second, determine if they are similar with one another, and third, determine whether Congress intended to make its jurisdiction exclusive. The first test is answered by the enabling clauses. The answer to the second is affirmative on these facts. But it is the third prong of this question which points to the answer here.
The intent of Congress in passing the federal statute was lucidly explained by Senator Sherman, a sponsor of the act:
This bill as I would have it has for its single object to invoke the aid of the courts of the United States to deal with the combinations described in the first section when they affect injuriously our foreign and interstate commerce and in this way to supplement the enforcement of the established rules of the common and statute law by the courts of the several states. It is to arm the Federal courts within the limits of their constitutional power that they may cooperate with the state courts in checking, curbing and controlling the most dangerous combinations that now threaten the business property and trade of the people of the United States." [21 Cong. Record 2457 (1890); emphasis supplied]
This language patently does not bespeak preemption, but the very opposite. The perils that would confront each state if the preemption argument prevails was stated in Commonwealth v. McHugh , 326 Mass. 249, 93 N.E. 2d 751 (Sup. Jud. Ct. 1950):
If State [antitrust] laws have no force as soon as interstate commerce begins to be affected, a very large area will be fenced off in which the States will be practically helpless to protect their citizens without, so far as we can perceive, any corresponding contribution to the national welfare . . . Especially is this true in view of the immense broadening in the conception of interstate commerce in recent years. [326 Mass. at 265; 93 N.E. 2d at 762]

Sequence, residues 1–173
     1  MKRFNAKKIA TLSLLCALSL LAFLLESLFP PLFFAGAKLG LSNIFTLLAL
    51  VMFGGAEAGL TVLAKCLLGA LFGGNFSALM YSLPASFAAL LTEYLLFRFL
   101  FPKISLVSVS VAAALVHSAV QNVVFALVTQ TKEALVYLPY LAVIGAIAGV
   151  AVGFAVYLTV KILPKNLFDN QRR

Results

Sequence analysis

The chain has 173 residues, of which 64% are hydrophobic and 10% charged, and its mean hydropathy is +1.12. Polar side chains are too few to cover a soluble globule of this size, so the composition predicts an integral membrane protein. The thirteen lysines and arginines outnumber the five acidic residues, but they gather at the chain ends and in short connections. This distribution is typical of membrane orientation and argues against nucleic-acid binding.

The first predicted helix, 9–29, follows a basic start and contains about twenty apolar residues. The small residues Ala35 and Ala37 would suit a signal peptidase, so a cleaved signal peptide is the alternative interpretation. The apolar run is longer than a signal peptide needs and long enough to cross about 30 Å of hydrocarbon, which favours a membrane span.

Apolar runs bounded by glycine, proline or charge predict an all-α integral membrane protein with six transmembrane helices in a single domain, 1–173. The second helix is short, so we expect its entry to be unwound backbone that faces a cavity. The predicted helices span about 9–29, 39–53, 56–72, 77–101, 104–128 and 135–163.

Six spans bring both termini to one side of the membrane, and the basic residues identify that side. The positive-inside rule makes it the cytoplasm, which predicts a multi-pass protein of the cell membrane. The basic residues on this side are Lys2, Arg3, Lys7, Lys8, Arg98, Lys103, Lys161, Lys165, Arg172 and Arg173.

There are many areas of activity where an overall national policy compels preemption and Congress or the United States Supreme Court have so ordained. But where neither has in 87 years commanded such a national policy in antitrust matters, it would be absurd for this court to do so.
Defendants complain that this would compel them to be subjected to a hodgepodge of conflicting laws among the several states, as well as between federal and state laws within a single state. Perhaps so, but this is not unique. When General Motors manufactures a car it must comply not only with federal law but the laws of each state within which it sells cars; so, too, the manufacture of children's garments regarding flame-retardant specifications. And many others.
In Zook v. California , 336 U.S. 725, 69 S. Ct. 841, 93 L. Ed. 1005 (1949), a California statute and the Federal Motor Carrier Act contained virtually identical language concerning the sale of transportation services on the roads of California. Defendants complained of multiple prosecutions. This concern was met squarely and the state statute sustained: